Property Rights and their Continued Open-Endedness – A Critical Discussion of Shoprite and the Constitutional Court’s Property Clause Jurisprudence
Authors Max du Plessis, Toni Palmer
Affiliations: Member of the Durban Bar Research Associate, University of KwaZulu-Natal; Member of the Durban Bar
Source: Stellenbosch Law Review, Volume 29 Issue 1, 2018, p. 73 – 89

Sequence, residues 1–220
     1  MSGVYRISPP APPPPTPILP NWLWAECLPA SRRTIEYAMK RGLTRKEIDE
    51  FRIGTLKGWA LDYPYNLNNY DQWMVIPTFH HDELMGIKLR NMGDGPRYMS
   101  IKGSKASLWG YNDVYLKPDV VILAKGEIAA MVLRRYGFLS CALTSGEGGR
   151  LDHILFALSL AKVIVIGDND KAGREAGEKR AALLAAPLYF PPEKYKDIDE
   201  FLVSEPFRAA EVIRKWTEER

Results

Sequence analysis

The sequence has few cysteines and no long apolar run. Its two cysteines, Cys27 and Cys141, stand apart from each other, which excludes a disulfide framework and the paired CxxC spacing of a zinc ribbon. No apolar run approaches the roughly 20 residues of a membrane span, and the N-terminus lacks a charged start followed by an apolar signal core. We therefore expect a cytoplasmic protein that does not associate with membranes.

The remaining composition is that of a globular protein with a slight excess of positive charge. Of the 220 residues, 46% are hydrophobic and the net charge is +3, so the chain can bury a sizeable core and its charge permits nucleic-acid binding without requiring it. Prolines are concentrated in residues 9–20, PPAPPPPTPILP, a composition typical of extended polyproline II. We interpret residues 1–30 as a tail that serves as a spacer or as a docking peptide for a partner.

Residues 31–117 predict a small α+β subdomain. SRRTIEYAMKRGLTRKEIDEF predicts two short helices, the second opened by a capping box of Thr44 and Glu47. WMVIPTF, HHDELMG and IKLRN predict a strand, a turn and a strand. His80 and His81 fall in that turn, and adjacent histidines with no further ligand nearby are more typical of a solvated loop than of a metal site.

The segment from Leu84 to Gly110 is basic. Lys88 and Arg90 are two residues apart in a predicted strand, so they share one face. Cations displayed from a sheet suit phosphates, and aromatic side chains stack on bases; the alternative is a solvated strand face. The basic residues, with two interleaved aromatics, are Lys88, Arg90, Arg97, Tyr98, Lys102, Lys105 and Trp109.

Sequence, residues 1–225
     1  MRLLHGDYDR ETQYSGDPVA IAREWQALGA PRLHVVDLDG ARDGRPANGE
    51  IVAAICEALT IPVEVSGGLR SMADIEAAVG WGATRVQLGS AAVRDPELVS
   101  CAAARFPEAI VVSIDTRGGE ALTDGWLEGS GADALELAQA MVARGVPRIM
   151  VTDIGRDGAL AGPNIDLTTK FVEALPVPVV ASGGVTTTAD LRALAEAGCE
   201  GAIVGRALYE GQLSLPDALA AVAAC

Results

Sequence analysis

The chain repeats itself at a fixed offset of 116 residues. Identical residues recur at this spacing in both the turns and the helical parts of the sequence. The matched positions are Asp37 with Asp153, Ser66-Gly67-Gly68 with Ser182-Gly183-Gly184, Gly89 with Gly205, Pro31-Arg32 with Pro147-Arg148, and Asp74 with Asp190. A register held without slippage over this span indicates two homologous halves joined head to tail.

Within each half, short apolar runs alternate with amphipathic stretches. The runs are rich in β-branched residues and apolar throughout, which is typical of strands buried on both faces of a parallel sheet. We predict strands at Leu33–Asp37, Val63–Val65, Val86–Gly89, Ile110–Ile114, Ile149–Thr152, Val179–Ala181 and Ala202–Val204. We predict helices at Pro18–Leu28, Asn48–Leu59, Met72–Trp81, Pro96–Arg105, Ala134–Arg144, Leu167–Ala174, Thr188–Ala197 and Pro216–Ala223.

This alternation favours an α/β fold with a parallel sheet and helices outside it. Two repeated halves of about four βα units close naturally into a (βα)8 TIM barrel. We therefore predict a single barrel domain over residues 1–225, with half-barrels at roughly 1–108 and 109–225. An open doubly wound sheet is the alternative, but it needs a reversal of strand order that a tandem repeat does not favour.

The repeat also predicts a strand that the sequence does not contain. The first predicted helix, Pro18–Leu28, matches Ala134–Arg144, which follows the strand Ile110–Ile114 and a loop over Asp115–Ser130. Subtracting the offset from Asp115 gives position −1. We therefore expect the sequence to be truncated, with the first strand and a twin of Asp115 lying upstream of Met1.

The article considers the 2015 Constitutional Court decision of Shoprite Checkers (Pty) Limited v Member of the Executive Council for Economic Development, Environmental Affairs and Tourism, Eastern Cape ("Shoprite"). While formally the case concerns a liquor licence, the authors contend that what is really of concern (and what is on display in the judgment) is an approach to section 25(1) of the Constitution that gives very little in the way of guidance, principles, or rules for the determination of property disputes. This context-sensitive review standard, which does not provide much in the way of principles delineating how competing values are to be reconciled, but rather doing so — and reaching outcomes — on an ad hoc basis began with First National Bank of SA Limited t/a Wesbank v Commissioner for the South African Revenue Services First National Bank of SA Limited t/a Wesbank v Commissioner for the South African Revenue Services; First National Bank of SA Limited t/a Wesbank v Minister of Finance and has continued since. The authors propose that this may have been a deliberate move by the Constitutional Court to carve out an almost unfettered discretion to decide property cases as it deems fit. This allows the Constitutional Court to reach outcomes in politically awkward cases which actively avoid confrontation with the political branches, whilst still adhering to legal principles and enforcing the Constitution, to the extent possible. Shoprite brings into sharp focus why such an approach is less than satisfying — not least of all since it results in three judges of the Constitutional Court, all applying what is ostensibly the same legal standard (section 25, and FNB), while being unable to agree on a single aspect of the section 25(1) analysis. The authors contend that an approach to constitutional adjudication that makes it difficult for lower court judges, lawyers, government officials and citizens to discern, with some degree of certainty, how the basic law is going to be applied, and to know, with some degree of certainty, that the basic law is going to be applied equally, constitutes a paradigmatic violation of the rule of law.